This turned out a little meatier than I probably would have preferred (I probably used about 3 pounds of venison and would have been happier with 1, but I’ll just try to remember that for next time around.) I’m going to make a pot of rice to pour this over, and then we’ll be set until Monday.  With a lot of chickpeas and just a little bit of meat (ground lamb would be easy and really perfect for this), this is an incredibly economical and filling meal for wintertime.  And if any of you have any ideas for good filling stews please let me know! I have been rotating through the same 2 or 3 lately and could use some fresh inspiration!

Almond Flax Pancakes with Wild Blueberries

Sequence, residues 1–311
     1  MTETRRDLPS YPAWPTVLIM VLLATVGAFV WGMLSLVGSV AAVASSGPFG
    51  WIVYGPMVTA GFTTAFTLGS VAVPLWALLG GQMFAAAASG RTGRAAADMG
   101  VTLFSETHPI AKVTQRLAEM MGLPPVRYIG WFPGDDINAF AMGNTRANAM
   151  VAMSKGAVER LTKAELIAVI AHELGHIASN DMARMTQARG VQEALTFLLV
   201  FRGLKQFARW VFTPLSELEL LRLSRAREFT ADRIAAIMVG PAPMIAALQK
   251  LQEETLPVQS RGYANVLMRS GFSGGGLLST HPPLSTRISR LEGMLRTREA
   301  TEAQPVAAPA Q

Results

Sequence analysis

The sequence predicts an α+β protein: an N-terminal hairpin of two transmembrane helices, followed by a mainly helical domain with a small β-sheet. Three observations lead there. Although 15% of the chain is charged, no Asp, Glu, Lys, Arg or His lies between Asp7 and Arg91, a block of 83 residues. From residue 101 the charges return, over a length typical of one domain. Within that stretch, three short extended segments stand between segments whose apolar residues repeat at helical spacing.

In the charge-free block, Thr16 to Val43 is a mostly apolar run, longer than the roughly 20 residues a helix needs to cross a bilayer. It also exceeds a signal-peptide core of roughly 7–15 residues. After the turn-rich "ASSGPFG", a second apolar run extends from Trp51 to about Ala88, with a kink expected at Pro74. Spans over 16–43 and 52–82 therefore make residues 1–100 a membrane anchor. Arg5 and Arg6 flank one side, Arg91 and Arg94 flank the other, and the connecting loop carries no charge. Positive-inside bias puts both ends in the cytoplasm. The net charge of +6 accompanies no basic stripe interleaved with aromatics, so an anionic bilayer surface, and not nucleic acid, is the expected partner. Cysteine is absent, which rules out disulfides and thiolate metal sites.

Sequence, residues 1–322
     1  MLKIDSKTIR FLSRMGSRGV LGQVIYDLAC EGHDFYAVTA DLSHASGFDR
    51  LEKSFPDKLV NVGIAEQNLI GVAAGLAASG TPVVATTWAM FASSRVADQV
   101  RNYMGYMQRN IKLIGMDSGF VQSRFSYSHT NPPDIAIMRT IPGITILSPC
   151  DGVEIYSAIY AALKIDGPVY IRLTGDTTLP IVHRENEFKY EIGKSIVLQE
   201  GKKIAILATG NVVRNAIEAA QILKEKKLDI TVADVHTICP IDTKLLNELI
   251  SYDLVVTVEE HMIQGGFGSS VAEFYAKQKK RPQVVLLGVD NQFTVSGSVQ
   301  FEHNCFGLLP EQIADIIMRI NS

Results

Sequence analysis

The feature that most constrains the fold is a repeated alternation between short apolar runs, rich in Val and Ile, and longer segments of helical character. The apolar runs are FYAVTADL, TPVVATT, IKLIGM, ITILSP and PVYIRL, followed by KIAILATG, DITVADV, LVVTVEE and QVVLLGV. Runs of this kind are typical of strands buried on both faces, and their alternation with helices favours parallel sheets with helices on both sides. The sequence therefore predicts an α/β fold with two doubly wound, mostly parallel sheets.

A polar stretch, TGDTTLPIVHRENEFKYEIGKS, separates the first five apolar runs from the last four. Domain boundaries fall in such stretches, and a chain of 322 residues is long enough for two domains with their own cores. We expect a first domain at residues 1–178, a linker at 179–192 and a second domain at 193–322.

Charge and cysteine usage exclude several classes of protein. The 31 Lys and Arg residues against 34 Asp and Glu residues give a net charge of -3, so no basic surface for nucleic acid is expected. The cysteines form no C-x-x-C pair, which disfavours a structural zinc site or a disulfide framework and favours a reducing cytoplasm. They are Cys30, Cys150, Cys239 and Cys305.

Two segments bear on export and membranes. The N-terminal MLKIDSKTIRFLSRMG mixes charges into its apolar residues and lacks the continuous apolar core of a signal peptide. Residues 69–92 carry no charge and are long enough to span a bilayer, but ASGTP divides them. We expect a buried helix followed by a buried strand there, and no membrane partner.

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It’s still blindingly cold here. Cold air pours through our floors and walls.  Now, instead of thinking about buying rugs and insulating our basement, I just think about making John quit his job and letting us all move to Arizona.  It was negative 8 or 9 when we woke up this morning.  I still managed to get Will bundled up and out the door for a free music class downtown, which, for my little Tennessee self, was a feat that bordered on the heroic and insane.  In order to qualify for free parking in the downtown parking garage I decided to buy a cup of coffee at a little shop right across from where the music class was (it was either that, or pay $2 for parking, so I decided a cup of coffee with a stamped receipt was a better use of $2).  And I ordered my coffee and was about to pay, and the guy at the register told me it was on the house!!!! I was completely floored and overjoyed.  Trying to savor the beautiful, small moments in the midst of the paralyzing and soul-crushing cold weather.